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Israeli Officials: U.S.-Russia Ceasefire Deal in Syria Leaves Iran Too Close to Border

A recently announced ceasefire deal brokered between the United States, Russia and Jordan “does not meet Israel’s unequivocal demand” that neither Iranian nor any allied forces including Hezbollah be allowed near Israel’s border, Reuters reported Sunday.

Israel’s regional cooperation minister, Tzachi Hanegbi said that the deal “does not meet Israel’s unequivocal demand the there will not be developments that bring the forces of Hezbollah or Iran to the Israel-Syria border in the north.”

The plan would involve separating the various factions apart, but would allow Iranian-backed forces to be as close as 5 to 7 kilometers (3.1 to 4.4 miles) from the Israel border with Syria on the Golan Heights, according to Israeli sources with knowledge of the agreement. Israel reportedly asked Russia to ensure that Iranian-allied troops be kept at least 40 kilometers (25 miles) from the border of Israel as part of any ceasefire agreement.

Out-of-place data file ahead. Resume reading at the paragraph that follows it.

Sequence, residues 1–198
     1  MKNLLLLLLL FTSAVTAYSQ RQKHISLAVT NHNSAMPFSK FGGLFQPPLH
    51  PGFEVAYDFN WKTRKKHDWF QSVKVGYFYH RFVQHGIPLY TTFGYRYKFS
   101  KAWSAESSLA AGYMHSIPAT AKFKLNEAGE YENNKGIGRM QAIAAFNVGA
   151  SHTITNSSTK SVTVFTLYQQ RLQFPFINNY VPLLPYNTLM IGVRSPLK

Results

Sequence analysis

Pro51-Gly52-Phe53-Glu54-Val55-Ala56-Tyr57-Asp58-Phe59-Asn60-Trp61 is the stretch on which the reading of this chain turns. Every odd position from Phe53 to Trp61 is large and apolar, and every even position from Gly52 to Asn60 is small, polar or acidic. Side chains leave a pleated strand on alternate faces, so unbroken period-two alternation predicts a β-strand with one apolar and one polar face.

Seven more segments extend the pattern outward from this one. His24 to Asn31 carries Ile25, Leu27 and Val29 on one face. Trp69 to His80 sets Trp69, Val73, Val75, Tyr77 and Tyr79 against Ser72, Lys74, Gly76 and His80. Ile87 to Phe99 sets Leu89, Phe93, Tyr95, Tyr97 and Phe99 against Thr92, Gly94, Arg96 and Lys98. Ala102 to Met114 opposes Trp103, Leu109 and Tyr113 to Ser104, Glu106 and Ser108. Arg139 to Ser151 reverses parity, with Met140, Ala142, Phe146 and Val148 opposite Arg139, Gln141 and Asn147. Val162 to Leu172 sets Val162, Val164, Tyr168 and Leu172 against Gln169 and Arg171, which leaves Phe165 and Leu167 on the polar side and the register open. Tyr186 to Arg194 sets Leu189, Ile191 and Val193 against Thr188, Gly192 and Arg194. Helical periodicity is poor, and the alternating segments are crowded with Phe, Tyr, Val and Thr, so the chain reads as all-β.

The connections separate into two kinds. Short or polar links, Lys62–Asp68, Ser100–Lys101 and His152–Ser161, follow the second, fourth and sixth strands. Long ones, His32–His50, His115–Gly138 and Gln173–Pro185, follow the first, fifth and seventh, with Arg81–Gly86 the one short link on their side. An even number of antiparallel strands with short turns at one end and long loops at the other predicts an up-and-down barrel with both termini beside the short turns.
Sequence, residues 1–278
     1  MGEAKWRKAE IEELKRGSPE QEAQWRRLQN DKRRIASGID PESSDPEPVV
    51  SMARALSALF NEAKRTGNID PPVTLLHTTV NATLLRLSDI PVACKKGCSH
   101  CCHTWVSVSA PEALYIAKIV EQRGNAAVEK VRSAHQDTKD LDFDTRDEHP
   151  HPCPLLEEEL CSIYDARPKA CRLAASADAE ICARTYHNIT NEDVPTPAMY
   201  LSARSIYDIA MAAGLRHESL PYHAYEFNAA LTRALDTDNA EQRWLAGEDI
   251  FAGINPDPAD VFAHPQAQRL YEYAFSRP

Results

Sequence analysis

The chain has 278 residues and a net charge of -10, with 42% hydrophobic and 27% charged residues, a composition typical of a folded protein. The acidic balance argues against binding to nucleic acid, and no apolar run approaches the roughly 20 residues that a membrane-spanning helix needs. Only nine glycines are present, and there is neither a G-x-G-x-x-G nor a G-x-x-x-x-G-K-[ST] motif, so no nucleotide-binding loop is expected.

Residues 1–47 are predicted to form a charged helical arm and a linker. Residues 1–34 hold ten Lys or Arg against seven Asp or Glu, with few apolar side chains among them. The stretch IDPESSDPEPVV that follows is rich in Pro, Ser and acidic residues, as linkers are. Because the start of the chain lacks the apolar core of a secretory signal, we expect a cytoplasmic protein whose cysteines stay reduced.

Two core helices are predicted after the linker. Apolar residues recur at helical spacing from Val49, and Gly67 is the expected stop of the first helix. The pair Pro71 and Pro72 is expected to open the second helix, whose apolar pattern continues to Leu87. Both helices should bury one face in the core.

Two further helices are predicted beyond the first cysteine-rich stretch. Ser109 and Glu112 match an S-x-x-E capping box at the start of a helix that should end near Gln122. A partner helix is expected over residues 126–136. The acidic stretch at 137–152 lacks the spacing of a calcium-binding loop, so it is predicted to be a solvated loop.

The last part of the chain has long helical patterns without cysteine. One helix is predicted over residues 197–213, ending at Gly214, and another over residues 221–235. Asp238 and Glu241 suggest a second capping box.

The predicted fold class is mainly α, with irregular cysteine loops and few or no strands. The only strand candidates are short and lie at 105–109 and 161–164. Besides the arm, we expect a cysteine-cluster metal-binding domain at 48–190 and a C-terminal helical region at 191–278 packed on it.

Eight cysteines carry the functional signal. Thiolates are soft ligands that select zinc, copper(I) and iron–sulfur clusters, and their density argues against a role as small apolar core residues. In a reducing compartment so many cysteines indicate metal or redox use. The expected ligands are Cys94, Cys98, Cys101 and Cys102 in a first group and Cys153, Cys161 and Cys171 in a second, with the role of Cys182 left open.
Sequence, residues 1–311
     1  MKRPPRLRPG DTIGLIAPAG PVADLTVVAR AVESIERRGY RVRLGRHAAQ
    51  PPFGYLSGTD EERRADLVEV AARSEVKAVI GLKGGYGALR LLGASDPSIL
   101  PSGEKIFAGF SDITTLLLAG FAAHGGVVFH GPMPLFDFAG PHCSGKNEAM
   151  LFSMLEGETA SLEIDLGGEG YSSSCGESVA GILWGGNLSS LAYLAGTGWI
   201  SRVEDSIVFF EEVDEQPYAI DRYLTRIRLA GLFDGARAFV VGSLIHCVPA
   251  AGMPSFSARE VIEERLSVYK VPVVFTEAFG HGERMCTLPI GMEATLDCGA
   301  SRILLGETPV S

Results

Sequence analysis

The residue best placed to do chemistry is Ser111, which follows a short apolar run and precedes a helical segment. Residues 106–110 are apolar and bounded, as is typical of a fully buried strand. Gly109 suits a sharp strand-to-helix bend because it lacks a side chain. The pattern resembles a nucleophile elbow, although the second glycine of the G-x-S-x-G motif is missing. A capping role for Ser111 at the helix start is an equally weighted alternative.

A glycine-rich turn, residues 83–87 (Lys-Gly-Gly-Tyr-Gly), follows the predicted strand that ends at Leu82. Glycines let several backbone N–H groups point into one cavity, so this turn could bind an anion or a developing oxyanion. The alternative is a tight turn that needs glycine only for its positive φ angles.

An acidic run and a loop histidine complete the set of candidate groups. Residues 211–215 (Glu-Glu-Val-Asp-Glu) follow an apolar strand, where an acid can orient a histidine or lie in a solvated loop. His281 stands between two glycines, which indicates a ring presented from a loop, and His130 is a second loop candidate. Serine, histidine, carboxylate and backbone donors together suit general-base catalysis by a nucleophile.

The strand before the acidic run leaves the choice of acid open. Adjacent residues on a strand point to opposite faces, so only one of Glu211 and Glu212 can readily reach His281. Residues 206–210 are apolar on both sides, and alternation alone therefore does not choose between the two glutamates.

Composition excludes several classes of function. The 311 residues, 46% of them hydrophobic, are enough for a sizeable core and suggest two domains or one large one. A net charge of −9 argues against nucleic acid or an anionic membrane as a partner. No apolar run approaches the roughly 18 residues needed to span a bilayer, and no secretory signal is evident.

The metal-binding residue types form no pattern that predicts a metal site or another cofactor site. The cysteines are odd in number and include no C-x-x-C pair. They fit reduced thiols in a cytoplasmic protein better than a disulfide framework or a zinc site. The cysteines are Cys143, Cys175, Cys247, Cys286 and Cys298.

Hanegbi wasn’t alone in expressing concerns about the close proximity of Iran and its allies in Syria to Israel.

Following the downing of a drone, thought to be of Syrian origin, by Israel over the weekend, and a report that Syria is building a permanent military base in Syria, Israeli Defense Minister Avigdor Liberman said that Israel “will not allow the Shiite axis to be established in Syria as a base for action.”

“Even though we view favorably the agreement on the need to eliminate the foreign forces — namely, the Iranian forces, Hezbollah and the Shiite militias from the area — the test will be on the ground, not in words but in deeds,” Transportation and Intelligence Minister Yisrael Katz said in reaction to the announcement of the ceasefire. He added, “Israel has already made it clear that it shall not accept Iran and its affiliates and proxies basing themselves in Syria, which will be a permanent threat and a constant source of tension, friction and instability.”

Despite the fact that the deal ignored Israeli concerns, Israeli Prime Minister Benjamin Netanyahu said Monday at a Likud faction meeting that  he has “clarified to our friends in Washington and our friends in Moscow that we will operate in Syria, including southern Syria, in accordance with our understanding and in accordance with our security needs.” He described Israel’s policy regarding Syria as “the right combination of firmness and responsibility.”

[Photo: Israel Defense Forces / Flickr]